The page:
I made a few coordinating pillows, they are in my esty shop :)

Saturday, March 5, 2011

nyb: tips, techniques, and a winner...

Are you up for the challenge? Ready to put your paper piecing hat on? Let's take on some New York Beauty blocks! In this post I will share some links and tips to get you started [and announce the fabric winner!] Perhaps the most important tip I can share is: just go for it! Don't be intimidated by paper piecing or curved piecing [like animals, I think they can smell fear :] It may take a little practice, but I am confidant that if I can make these blocks, so can you.

First the patterns. There are books and free piecing patterns all over the place. The patterns that I used came from Ulas Quiltpage. [a note: some of them I slightly adapted/changed] These are great and fairly simple designs. If you check the pic above, you can see that I used a variety of patterns. If you are looking for something a little more complex, check out these patterns over - they are not necessarily more difficult, but many have multiple paper pieced sections. [the block at the top of this post is from those patterns.

Component 1: Paper Piecing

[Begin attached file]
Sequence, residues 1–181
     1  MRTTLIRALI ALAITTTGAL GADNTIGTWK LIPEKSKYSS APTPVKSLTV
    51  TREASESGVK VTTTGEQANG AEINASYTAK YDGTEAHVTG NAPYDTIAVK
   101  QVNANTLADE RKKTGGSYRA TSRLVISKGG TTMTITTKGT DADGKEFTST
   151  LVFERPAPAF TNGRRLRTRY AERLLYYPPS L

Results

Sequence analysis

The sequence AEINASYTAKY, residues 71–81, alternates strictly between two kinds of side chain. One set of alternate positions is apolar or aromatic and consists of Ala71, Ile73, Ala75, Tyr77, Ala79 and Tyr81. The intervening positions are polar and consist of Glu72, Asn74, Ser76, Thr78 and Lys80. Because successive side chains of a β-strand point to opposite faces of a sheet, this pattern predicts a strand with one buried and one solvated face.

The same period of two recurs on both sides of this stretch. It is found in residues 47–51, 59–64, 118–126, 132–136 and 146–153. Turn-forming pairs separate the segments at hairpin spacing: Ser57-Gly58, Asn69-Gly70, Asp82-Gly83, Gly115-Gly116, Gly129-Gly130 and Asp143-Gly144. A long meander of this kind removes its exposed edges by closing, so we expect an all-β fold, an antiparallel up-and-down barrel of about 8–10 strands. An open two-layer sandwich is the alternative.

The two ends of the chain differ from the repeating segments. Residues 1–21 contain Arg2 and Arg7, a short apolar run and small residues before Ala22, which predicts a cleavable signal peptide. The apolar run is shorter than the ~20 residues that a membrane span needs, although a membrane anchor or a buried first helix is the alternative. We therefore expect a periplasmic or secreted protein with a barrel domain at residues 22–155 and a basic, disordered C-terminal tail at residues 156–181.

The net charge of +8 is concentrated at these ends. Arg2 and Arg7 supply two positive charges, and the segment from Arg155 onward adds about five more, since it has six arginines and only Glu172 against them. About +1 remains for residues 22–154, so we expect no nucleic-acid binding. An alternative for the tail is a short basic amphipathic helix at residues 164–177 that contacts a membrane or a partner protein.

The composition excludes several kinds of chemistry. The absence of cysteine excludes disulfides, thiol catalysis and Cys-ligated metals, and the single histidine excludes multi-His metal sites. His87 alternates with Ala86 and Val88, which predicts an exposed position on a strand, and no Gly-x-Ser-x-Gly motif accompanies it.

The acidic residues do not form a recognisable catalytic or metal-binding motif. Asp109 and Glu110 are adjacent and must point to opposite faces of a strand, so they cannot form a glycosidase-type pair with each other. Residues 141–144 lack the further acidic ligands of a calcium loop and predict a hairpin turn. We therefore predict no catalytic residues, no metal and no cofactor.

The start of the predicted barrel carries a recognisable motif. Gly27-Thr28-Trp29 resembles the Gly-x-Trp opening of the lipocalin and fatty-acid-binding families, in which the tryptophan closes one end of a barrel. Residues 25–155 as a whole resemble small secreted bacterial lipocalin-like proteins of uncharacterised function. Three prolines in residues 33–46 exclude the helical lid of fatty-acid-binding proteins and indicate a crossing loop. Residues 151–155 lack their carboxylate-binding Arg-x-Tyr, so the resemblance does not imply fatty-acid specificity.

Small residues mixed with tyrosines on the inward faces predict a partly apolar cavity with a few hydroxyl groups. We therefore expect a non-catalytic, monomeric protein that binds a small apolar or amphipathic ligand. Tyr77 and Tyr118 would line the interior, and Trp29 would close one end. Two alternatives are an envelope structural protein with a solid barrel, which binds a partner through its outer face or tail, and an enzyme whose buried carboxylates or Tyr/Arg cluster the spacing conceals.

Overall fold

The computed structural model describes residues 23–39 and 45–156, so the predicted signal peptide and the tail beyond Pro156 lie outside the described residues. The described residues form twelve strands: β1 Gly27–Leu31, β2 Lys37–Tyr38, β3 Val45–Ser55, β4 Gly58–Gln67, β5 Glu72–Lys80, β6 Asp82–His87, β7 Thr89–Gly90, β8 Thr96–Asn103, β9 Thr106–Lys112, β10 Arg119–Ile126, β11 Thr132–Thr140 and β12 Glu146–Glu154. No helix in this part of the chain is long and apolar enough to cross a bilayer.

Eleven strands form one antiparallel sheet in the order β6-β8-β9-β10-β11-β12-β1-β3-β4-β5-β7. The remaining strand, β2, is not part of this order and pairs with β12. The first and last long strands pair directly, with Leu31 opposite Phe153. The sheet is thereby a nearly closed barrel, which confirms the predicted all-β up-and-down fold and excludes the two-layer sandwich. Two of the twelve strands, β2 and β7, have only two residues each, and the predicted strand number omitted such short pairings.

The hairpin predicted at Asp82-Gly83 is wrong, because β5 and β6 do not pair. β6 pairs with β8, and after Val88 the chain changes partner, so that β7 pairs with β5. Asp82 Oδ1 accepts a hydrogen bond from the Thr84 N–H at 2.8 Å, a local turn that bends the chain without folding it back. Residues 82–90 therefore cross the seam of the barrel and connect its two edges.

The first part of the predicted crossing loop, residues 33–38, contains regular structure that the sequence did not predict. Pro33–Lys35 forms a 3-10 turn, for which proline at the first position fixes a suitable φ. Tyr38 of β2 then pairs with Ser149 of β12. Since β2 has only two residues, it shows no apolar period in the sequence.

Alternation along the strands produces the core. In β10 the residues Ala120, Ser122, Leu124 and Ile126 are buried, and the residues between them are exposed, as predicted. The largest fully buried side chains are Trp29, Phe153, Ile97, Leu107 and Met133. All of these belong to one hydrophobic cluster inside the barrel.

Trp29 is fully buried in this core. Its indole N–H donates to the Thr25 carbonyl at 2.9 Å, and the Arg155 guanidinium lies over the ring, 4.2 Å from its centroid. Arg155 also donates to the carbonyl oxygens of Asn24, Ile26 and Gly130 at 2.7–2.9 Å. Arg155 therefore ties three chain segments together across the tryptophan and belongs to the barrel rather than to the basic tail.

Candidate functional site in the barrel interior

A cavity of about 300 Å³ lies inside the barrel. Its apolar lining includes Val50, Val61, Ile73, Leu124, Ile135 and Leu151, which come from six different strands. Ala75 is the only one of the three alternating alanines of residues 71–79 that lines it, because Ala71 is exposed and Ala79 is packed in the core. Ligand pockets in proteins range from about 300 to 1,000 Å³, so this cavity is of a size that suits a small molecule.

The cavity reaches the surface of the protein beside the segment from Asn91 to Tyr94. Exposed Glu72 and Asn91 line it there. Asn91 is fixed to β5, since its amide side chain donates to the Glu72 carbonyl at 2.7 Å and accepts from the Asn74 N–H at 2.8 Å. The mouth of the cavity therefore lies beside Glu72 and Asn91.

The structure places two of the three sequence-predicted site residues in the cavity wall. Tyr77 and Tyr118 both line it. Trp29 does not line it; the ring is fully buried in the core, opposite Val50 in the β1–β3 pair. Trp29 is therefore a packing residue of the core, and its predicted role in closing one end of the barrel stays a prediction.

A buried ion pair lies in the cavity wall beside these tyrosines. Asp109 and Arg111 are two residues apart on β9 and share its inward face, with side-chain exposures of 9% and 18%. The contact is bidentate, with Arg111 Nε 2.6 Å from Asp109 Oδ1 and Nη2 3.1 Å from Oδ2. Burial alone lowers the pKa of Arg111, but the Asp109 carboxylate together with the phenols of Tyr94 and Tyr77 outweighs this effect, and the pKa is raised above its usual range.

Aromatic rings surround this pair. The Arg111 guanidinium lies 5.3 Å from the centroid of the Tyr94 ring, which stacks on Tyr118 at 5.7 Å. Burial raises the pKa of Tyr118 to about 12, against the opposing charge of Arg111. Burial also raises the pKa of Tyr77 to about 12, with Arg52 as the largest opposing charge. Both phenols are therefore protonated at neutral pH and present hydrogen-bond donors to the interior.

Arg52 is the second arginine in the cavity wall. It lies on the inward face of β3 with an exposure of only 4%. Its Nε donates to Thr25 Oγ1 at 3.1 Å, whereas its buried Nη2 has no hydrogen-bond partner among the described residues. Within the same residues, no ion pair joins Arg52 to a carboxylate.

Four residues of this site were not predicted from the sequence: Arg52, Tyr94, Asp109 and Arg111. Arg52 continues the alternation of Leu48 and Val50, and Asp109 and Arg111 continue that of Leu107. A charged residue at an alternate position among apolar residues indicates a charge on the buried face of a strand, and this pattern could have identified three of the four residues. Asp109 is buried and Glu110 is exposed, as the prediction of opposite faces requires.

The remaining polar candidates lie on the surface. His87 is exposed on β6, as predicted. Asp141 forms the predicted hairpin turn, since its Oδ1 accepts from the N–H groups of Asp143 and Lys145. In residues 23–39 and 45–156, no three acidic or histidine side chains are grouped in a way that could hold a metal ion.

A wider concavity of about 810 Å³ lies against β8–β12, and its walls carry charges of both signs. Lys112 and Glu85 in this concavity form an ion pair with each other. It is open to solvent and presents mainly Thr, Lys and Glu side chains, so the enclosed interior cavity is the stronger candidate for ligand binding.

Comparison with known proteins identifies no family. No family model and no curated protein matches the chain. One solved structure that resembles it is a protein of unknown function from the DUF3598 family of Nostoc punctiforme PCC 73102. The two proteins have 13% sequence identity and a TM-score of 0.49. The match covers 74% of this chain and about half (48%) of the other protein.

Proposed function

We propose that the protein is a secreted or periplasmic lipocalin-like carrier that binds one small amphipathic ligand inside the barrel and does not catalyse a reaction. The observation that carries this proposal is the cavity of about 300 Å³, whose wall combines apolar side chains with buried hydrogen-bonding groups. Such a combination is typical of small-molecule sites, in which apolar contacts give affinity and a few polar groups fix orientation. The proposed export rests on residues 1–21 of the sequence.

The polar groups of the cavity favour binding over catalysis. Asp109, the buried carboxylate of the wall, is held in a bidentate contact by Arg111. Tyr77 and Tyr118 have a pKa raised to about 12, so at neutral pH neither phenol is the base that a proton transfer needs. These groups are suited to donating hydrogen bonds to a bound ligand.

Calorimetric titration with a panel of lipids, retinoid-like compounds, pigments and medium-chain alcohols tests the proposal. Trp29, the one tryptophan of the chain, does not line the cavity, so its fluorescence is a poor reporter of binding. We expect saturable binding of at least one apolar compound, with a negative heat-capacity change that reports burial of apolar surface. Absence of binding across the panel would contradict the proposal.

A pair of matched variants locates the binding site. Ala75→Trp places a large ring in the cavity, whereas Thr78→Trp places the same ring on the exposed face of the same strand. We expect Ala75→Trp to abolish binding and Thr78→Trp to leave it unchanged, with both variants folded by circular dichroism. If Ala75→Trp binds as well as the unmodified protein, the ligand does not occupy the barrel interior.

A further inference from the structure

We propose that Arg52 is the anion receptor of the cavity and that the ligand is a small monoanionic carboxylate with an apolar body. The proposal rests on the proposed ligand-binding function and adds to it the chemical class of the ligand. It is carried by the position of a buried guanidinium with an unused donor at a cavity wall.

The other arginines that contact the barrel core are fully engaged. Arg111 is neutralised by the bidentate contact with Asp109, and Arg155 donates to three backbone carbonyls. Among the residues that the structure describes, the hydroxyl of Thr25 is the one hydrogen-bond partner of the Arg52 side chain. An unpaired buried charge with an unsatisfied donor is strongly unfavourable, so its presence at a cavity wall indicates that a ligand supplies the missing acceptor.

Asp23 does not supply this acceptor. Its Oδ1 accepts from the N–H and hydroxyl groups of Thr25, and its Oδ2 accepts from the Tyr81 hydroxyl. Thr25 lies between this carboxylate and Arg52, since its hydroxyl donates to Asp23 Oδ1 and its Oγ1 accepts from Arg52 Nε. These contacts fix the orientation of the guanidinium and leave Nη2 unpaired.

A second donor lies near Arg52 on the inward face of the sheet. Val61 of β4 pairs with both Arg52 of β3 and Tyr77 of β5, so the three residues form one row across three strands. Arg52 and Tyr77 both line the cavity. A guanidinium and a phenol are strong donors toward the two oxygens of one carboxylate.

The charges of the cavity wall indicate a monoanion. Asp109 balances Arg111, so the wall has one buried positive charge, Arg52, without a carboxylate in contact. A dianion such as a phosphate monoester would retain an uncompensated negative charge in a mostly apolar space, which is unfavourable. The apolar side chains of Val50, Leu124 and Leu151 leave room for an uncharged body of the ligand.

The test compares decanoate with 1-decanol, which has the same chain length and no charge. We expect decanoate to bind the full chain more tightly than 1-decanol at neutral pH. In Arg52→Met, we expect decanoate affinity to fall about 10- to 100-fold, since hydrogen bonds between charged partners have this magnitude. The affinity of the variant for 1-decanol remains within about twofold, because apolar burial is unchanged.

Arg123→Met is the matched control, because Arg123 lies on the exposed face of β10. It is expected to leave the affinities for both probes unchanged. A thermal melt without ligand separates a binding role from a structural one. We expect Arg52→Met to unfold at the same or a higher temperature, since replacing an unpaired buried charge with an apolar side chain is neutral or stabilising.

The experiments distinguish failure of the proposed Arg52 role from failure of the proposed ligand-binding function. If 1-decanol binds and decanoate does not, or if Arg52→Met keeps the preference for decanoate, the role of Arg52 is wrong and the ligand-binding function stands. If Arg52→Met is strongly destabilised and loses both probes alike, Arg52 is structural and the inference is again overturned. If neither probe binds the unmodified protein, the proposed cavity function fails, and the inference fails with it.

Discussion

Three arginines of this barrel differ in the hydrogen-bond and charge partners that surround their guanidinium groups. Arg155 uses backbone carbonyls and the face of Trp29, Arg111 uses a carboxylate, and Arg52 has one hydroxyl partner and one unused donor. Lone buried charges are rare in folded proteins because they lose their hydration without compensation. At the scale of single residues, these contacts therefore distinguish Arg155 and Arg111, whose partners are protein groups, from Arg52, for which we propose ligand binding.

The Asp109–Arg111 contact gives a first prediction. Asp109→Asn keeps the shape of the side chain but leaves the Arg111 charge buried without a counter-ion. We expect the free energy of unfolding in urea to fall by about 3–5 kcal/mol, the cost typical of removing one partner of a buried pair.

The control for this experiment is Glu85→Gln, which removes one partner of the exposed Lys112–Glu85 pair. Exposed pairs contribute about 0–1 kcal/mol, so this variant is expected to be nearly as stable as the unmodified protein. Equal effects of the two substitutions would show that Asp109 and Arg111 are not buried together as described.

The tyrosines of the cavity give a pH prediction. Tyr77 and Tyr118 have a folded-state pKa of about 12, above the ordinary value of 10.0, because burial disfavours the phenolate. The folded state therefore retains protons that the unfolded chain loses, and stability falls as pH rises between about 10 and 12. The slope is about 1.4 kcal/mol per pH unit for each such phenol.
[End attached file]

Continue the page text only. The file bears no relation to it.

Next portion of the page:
Once you understand the basics of how to paper piece - the sky is the limit. I recommend heading over to the Quilter's Cache. They offer great step by step instructions and diagrams to help you get the hang of it.

The biggest issue that I have with paper piecing is choosing the right size fabric. My recommendation: go big. Yes, it is a little wasteful, but choosing a bigger scrap and trimming the excess makes the process go much smoother. As you make your blocks and gain experience, you will become a better judge of what size piece you need.

Another tip - when you trim the paper pieced section, check your template/pattern and make sure that it has a 1/4" seam allowance on the outer edge of the section. Otherwise, when you sew the block together, all of your precious little points will be cut off! And that is part of the beauty of paper piecing - it is so much easier to get all those perfect little points using this method than traditional piecing.

Component 2: Curved Piecing

After paper piecing, the solid sections remain. To make sure that the sections line up perfectly, I fold each of the two sections I am going to sew together in half, making a crease. Then I match up the creases [with the sections right sides together] and pin. Then I pin the two ends, then pin toward the center.

Once the two sections are sewn together, notch along the seam allowance. Then press the seam allowance toward the solid section.

I would love to see any nyb blocks that you whip up! And now for the winner [drumrooolllll, please]: Cathy Tomm! I sent you an email! Just a note: Cathy was not my first random winner, the first person was a no-reply blogger and left me no way to contact them. Thanks everyone who played along - I enjoyed reading and responding to everyone's lovely comments :)